Archive for April, 2021


April 21, 2021

By Dee Dee McNeil / Jazz Journalist

April 21, 2021

LAUFEY – “TYPICAL OF ME” –  Independent label

Laufey Lin, vocals/guitar/cello/piano/composer; Josh Jacobson, keyboards; Magnus Johann Ragnarsson, Keyboards.

Track 1 on this new EP by Laufey snagged my ear and held on, like a diamond earring.  Her voice has a soft, warm, lovely tone, and on “Street by Street,” Laufey makes it clear she is a blossoming singer/songwriter.  The young artist mixes genres, blending jazzy chord changes and beautiful melodies with pop music, rhythm and blues, all in a very embraceable way.   When Laufey returned to her native Iceland last summer, she was surprised when she pumped on the car radio and her song, “Street by Street” was playing.

“That’s when I realized something big was happening,” she told her publicist.

The production is sparse, but very effective.  The finger snaps and her guitar accompaniment, with vocals harmonizing in the background, allows us to clearly hear her lyrics and the groove is infectious.  Her latest single, from this debut EP titled, “Magnolia,” is a ballad with a lyric about a beautiful woman. Actually, the lyrics pose a love letter to women who don’t recognize their own beauty and strength.  Track 3 is titled “Like the Movies” and is a throw-back to the 1920s or 30s type music, with its slow, strumming shuffle-feel and her voice scatting atop the production in a sweet and affectionate way.  Laufey’s unique tone and the addition of the synthesized horn makes this ‘cut’ very jazzy.  She follows this production with a cover of “I Wish You Love” just to make it clear she can sing jazz standards with the same energy and style that she uses when singing her original songs.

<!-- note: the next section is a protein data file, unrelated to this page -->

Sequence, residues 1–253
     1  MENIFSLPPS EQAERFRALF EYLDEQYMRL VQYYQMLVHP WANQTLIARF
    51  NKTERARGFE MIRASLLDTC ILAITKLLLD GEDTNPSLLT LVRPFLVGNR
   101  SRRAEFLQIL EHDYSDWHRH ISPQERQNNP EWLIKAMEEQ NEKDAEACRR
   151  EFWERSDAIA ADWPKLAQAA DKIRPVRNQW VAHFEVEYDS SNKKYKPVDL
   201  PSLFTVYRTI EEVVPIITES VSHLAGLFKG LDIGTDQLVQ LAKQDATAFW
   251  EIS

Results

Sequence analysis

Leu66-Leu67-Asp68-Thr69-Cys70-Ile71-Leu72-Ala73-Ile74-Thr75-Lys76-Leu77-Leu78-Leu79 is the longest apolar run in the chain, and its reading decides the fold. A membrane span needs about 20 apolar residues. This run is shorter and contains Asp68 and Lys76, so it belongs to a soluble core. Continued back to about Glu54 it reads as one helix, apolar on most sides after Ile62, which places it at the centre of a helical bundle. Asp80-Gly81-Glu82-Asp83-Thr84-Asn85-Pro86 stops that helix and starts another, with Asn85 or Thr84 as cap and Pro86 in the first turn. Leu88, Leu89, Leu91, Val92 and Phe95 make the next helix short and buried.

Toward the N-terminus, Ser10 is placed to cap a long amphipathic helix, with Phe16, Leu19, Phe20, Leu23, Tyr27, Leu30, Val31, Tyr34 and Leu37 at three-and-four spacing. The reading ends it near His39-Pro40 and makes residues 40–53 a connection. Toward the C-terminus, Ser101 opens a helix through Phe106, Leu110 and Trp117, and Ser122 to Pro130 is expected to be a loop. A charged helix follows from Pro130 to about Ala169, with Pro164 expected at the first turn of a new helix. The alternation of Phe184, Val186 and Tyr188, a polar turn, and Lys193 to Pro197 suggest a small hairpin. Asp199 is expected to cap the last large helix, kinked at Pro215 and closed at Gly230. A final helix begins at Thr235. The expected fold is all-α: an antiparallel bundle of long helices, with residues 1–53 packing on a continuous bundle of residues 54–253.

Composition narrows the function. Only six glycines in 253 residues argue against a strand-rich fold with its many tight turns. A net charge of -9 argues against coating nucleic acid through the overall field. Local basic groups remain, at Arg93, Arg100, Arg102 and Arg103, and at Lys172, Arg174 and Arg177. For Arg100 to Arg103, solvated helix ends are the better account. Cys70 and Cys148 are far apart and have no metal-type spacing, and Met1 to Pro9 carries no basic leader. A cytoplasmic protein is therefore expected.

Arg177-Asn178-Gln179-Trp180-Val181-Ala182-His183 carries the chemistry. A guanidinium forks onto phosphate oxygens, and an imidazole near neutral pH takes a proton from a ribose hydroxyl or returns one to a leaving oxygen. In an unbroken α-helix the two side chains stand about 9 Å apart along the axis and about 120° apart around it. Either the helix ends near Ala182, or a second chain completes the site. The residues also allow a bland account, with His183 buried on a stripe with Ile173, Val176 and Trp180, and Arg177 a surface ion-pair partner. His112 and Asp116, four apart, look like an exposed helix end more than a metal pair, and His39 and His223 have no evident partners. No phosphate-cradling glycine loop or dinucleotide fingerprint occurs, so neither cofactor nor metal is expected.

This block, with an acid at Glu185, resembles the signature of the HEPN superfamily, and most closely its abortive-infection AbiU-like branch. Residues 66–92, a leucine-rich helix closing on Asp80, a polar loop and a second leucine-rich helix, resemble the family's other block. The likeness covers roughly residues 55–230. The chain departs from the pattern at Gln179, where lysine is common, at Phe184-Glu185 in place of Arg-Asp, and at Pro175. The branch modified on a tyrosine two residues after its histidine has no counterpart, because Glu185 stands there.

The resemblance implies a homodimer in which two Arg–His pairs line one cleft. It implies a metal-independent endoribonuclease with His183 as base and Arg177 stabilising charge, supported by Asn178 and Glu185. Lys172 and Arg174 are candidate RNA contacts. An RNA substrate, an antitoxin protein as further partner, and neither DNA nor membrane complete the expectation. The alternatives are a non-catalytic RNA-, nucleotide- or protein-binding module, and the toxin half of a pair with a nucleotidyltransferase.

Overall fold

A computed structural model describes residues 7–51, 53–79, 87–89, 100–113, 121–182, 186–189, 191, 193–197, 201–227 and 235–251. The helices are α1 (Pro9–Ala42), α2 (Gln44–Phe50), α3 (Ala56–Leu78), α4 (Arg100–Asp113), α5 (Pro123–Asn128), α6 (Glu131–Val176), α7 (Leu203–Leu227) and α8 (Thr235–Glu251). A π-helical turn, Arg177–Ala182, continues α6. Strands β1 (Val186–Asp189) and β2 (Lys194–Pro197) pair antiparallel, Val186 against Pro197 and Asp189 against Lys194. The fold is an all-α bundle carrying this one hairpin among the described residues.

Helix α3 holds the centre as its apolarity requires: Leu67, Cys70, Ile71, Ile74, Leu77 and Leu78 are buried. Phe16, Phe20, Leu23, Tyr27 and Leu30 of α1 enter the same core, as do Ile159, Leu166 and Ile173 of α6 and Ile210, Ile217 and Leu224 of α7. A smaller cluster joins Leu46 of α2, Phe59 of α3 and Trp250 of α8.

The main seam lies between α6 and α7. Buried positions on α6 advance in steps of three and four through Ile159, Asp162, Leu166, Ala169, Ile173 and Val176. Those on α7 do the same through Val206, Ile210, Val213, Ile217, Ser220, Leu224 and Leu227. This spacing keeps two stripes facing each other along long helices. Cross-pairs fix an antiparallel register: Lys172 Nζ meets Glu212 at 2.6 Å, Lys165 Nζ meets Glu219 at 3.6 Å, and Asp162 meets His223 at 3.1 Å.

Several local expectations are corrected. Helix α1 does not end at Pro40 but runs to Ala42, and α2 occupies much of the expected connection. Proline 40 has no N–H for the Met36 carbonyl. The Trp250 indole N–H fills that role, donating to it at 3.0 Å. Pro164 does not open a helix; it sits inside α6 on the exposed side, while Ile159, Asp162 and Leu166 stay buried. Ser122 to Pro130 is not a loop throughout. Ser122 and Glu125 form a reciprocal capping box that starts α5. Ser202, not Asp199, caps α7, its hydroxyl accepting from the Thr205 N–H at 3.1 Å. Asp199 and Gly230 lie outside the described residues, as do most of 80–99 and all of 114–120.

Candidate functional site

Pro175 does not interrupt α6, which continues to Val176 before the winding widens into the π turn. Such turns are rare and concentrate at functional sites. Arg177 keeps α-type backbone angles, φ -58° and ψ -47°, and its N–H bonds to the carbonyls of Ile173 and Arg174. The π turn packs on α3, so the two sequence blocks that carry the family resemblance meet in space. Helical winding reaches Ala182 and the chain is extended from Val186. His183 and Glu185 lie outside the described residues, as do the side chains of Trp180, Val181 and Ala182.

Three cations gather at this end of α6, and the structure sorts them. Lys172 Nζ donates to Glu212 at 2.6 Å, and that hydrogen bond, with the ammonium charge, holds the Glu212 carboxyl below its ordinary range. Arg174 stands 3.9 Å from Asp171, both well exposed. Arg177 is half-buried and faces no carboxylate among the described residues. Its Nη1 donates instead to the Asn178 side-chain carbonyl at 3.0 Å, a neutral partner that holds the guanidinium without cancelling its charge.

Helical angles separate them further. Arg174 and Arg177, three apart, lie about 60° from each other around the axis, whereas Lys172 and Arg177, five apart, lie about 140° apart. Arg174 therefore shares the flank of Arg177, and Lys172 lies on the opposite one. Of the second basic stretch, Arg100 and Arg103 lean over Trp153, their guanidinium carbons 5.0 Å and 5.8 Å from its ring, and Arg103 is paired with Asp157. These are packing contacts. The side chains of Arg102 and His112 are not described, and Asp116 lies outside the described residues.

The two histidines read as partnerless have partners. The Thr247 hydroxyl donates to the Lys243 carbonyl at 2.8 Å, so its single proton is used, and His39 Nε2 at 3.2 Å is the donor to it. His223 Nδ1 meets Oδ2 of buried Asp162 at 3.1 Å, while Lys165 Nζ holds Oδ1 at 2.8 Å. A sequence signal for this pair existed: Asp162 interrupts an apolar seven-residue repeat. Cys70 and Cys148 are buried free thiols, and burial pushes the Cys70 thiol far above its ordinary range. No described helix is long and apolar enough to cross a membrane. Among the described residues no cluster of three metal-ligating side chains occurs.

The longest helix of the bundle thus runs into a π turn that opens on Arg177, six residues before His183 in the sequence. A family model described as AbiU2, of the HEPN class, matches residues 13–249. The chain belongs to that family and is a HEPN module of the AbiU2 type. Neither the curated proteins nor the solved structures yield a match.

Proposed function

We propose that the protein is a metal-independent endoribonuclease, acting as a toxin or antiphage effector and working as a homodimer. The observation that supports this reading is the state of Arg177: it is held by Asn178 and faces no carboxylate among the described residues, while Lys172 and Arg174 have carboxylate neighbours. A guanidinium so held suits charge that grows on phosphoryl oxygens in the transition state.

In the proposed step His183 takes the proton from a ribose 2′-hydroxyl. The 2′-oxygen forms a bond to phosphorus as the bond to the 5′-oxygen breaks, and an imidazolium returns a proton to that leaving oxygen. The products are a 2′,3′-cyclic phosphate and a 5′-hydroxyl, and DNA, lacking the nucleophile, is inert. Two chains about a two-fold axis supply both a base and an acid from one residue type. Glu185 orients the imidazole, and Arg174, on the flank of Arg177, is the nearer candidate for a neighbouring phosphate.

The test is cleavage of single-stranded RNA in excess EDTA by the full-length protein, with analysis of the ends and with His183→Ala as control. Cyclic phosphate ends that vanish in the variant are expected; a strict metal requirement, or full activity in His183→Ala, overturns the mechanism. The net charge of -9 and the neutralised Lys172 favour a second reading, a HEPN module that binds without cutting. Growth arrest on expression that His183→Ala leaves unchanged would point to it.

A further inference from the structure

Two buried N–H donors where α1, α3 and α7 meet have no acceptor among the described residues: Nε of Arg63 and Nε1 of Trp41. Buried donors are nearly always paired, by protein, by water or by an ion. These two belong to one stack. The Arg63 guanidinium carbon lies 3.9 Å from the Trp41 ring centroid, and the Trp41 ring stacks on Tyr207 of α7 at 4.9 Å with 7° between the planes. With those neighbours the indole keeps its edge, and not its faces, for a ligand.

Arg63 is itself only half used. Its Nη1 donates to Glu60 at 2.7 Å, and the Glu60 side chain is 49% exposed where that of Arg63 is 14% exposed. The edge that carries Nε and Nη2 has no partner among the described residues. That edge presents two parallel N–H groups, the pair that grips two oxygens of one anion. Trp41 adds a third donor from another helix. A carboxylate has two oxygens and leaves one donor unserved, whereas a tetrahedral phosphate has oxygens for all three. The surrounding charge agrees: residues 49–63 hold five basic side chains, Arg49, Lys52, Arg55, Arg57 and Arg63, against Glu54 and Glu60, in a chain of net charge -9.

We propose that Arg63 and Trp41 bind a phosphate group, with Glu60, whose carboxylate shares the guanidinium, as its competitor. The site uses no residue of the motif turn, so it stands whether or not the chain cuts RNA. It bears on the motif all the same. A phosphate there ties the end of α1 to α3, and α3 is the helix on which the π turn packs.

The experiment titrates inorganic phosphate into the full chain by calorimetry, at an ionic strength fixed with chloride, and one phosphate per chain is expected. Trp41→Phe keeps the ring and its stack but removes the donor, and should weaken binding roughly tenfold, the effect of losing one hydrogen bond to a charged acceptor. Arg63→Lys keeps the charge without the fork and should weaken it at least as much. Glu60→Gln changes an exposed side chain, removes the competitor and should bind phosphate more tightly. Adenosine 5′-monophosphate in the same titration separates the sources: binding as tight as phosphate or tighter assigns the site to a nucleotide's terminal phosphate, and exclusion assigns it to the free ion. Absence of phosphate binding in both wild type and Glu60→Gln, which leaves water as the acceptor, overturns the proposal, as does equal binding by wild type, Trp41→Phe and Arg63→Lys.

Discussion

“I’ve always loved classical music.  I’m definitely very influenced by composers like Ravel and Chopin,” Laufey shares.  “But when I discovered the Great American Songbook and the music of George Gershwin and Richard Rodgers, it felt like this middle ground between jazz and classical suited me perfectly.  It was something I could love on my own terms,” she explained her stylized musical approach.

Laufey has performed with the Iceland Symphony Orchestra at the young age of fifteen.  But deep inside, she knew she wanted to blend her classical training with more modern influences.  She longed to expand her writing and repertoire with jazz influences, with pop, R&B overtones and with her own sense of creativity and uniqueness.  You can hear all that in her very first release and debut single, “Street by Street.”  This song sent international waves crashing against commercial music shorelines. 

As a result of collaborating with peers at Berklee College of Music, the day before their campus was shut down due to COVID-19, she embraced the down-time while self-quarantined to work on her first recording project.  Laufey began recording at home, playing piano, guitar, singing, composing and adding cello to the mix.  Other instrumentation was delivered remotely by her fellow student musicians.  When I listen to “James,” another original composition, I note her expressive way of phrasing, singing, scatting and the lyrical way she writes.  Laufey’s artistically fascinating.

Once she posted the first tune, Laufey’s project went viral!  She had a hit single on Icelandic Radio Charts and her music grew a massive, universal following.  Before she could blink twice, the BBC announced they wanted to present a music series for BBC Radio 3 that featured “Happy Harmonies with Laufey.”  This series began on April 10th of 2021.  Laufey’s entire EP project is absolutely fresh, charming and unique.  Ms. Lin is a gifted singer, plays multiple instruments and is a talented songwriter.  I expect great things from this young lady and a bright future.